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College to work: Findings from a study of the Career Readiness Internship program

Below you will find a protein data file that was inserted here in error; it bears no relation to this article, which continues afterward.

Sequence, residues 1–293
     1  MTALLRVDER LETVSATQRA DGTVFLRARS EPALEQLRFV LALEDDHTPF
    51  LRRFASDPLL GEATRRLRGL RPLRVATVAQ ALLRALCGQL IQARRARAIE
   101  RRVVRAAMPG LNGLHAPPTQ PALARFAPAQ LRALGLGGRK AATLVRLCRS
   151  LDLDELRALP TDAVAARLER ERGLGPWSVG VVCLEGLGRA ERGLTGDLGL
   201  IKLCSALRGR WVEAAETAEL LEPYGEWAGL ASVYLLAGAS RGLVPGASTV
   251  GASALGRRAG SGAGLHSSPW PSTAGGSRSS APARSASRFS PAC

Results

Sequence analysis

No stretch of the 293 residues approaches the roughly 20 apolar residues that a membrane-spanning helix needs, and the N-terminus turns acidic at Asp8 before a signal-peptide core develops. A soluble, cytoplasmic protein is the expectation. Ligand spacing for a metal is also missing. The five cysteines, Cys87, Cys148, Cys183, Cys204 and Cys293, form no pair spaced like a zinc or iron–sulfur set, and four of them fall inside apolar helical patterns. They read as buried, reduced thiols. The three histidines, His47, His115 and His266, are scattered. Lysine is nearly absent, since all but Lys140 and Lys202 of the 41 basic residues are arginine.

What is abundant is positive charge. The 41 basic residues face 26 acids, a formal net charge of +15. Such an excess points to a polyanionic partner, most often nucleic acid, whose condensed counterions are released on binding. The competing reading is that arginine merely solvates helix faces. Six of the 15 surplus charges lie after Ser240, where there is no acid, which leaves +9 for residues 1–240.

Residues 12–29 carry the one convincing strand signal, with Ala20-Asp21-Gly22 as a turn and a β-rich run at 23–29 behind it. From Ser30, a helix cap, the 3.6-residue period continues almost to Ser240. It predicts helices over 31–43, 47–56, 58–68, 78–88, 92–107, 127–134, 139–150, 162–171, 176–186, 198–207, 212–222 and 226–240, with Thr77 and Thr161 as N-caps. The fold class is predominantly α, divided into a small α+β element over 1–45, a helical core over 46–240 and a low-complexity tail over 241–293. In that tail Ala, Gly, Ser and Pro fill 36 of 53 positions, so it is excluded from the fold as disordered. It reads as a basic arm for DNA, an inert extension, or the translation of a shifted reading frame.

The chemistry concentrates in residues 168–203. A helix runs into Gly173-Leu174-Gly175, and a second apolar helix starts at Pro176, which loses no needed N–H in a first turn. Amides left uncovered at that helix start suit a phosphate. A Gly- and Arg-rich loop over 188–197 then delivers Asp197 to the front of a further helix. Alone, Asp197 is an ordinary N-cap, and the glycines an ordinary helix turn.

In recent years, the field of postsecondary education has been increasingly focused on providing students opportunities to gain work experience. Federal, state, and local governments have been working to create avenues for students to participate in internships and apprenticeships as they build their academic and workforce skills in college or other training programs. Similarly, many postsecondary education institutions have begun investing in services that help students obtain internships or other work-based learning opportunities while enrolled in college. Recent surveys of employers highlight the importance of these ventures, as many employers argue that they have difficulty finding college graduates who can demonstrate important workplace skills, such as data analysis and complex problem solving. Despite this increased national attention on work-based learning opportunities, internship programs vary markedly from college to college, and very few mechanisms exist for evaluating the quality of the experiences they offer students. For instance, while researchers have noted the importance of providing wages to interns, the majority of internships are unpaid, making it difficult for lower-income students to participate in these opportunities. Moreover, differing expectations between student interns and employers can lead to challenges in these relationships. Finally, some internships provide limited exposure to meaningful work as companies have interns perform simple tasks that are unrelated to students’ intended careers. Hoping to overcome these challenges, Ascendium Education Group (formerly Great Lakes Higher Education Corporation and Affiliates) established the Career Readiness Internship (CRI) program in 2015. The CRI program provided funding and support to 33 colleges in four states for the development of quality paid internships for low-income students. This report presents findings from an analysis of the implementation of the CRI program at these colleges as well as student and employer perspectives of the program. Overall, the study found that colleges were successful at recruiting large numbers of low-income and traditionally underserved students into the program and providing them valuable career-focused internship experiences. Additionally, employers tended to have high regard for the program and their collaborations with the colleges. Nevertheless, colleges had difficulties maintaining and expanding the CRI program at the conclusion of the grant period, suggesting that more needs to be done to help colleges institutionalize the progr